The Global Underbelly of Mexican Culture

Coyacan suburb, on the edge of Mexico City, was about the most unMexican place I’d seen in Mexico. In contrast to the crowded tumbledown streets, alleyways and markets I’d seen around Alameda Park and Zocalo, streaming with people, Coyacan was all lawns and driveways, villas set back behind flourishing palm trees, hardly any traffic here, hardly any people. It felt spacious and wealthy and paranoid. Like the British Ex-Pat barrios of the Spanish Costas, Coyacan had the same sense of furtively concealed lifelessness about it. Like photographs of Beverley Hills, or TV.

The Metro journey from the station in central Mexico City, across crowded town and through her endless undulating outskirts had taken almost an hour.  The Metro finally coughed us up right deep in the centre of shiney, Americano chain-store shopping mall. Here the incurable cyst of corporate-branded consumerism bubbled forth its phosphorescent plate-glass pus, depositing in the wake of its rancid slipstream, inter-continental brand names, sportswear, fast food, Wendys and Fucking McDonalds. All over again, just like anywhere. O Hell.

From here we consulted our guide book and scuttled our way through the network of dull closed-curtain unpromising Coyacan suburb. We were looking for The Blue House, home to the Frieda Kahlo Museum, housing the largest collection of her works in the world.

Magically, we found the Blue House. We also found the Blue House was closed for the next eighteen months for essential repairs. As we consulted our guide book again, without much hope for other interesting places in Coyacan, it began to spit rain. After some serious trawling in the culture section, the guide book threw us the Trotsky Connection.

When Leon Trotsky had been exiled from the Soviet Union in the 1930’s, Frieda Kahlo and her muralist painter husband, Diego Rivera, found Trotsky a house to rent in Coyacan. It was here in 1940 that Trotsky was assassinated. The guidebook gave an address and we determined to find Trotsky’s house.

A few streets away from The Blue House we found the house where Trotsky lived. The back wall extended to a height of about 15ft, topped with coiled razor wire. We posed and took photographs, leaping about, chanting “This is the house where Trotsky lived, Trotsky lived, Trotsky lived…” I don’t know what we were thinking. Anycase, we followed the wall around a corner, up to the front of the house. There the old pitted stone gave way to a plate glass and polished beechwood lobby, with an expensive, but tasteful reception desk at the front. The air was of stultified wealth, like a trendy Bond Street Art Dealers, or a picture-framers. This wasn’t what I’d expected at all.

Disarmed as we were, we paid the receptionist some money, she reeled off tickets and we passed inside, where it was raining less. The text of the tickets seemed to be positing some complex political allegiance for Trotsky in Spanish, which I couldn’t be bothered to translate. In anycase, my mind was refusing to assimilate this modern cut glass art gallery as the house where the revolutionary Trotsky lived out his exile, where finally he was assassinated. We mooched about, uninterested in art, sulking about the Kahlo Museum, we wandered out into an enclosed courtyard, open to the sky, rich green tropical plants gathered around a small bust of Lenin. It was still drizzling, but the air was warm and unconditioned.

Bordering the courtyard was the inside of the same thick 15ft wall we’d posed against. Information pointed out that the wall had been heightened during Trotsky residence here for added security. Bullet holes in the stone were pointed out as reminders that the assassination of Trotsky took more than one attempt and despite their best efforts in the end it was an inside job – a stalinist posing as one of Trotsky’s own students that done for him.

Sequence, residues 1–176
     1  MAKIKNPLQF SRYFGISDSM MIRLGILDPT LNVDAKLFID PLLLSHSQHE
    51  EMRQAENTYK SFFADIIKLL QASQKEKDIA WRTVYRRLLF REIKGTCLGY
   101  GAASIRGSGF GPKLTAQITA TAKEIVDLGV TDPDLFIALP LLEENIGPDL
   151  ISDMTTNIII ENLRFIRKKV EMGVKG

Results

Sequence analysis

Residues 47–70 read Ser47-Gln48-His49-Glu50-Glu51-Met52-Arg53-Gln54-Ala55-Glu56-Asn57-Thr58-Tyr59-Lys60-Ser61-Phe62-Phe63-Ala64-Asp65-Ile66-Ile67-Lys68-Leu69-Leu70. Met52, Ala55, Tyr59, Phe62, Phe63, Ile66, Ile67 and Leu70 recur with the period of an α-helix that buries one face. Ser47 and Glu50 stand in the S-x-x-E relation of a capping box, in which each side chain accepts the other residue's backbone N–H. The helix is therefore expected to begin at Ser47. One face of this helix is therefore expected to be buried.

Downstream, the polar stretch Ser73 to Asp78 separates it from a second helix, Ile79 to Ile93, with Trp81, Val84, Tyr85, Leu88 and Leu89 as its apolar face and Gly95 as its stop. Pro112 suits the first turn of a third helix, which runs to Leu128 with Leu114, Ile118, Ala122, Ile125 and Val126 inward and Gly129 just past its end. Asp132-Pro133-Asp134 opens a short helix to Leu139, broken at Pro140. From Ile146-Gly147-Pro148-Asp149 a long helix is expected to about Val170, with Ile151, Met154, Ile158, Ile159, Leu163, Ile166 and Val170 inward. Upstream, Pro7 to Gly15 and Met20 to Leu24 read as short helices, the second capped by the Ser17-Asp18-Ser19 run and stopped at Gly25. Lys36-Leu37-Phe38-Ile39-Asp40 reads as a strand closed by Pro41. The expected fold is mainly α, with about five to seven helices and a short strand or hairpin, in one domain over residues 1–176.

Tucked away beside this huge wall, in a corner of the courtyard stood the house where Trotsky lived. A thick house of the same rough stone as the wall, a small flight of paved steps brought me up to Trotsky’s study. It was all there, all there, as he’d left it, as if he’d popped out for a packet of cigarettes and they were still expecting him to come back at any time. “Sorry I’ve been so long, I went to the shopping mall and I stopped off at McDonalds…”

Through the door onto a roped off walkway, suspended about a foot from the floor. Behind the ropes and laser beam activated alarms, were Trotsky’s bookshelf, his desk, a notepad and pen, and a pair of broken spectacles, crumpled, the only clue to the violence of his death. It wasn’t gruesome or morbid; it was too detached from reality for that. It was just a horrible, boring museum. Not a shrine in any sense, there was no feeling of reverence or awe. It just was as it was, as it had been, as it would always be. A dull preservation of a moment atrophied in history. A chronological collection of meaningless articles, arranged in a pattern devoid of significance. A state of suspended animation conserved in hi tech security. As if to authenticate the Trotsky connection, all the mundane and pointless detritus of his day-to-day life had been preserved, untouched, since the day he died. After a few more moments of boredom – another two pairs of broken spectacles, photos of Trotsky’s dog, the seat where Mrs. Trotsky sat to shell peas…we left, despondent.

The November early evening was setting in with heavy rain, we walked by the side of dual carriageways busy with rush hour traffic. The signs led us through a web of flyovers and underpasses, on towards the Metro station, delivering us right back in the heart of Coyacan shopping city.


Bella Basura
From the pamphlet Necro-Tourist 1999

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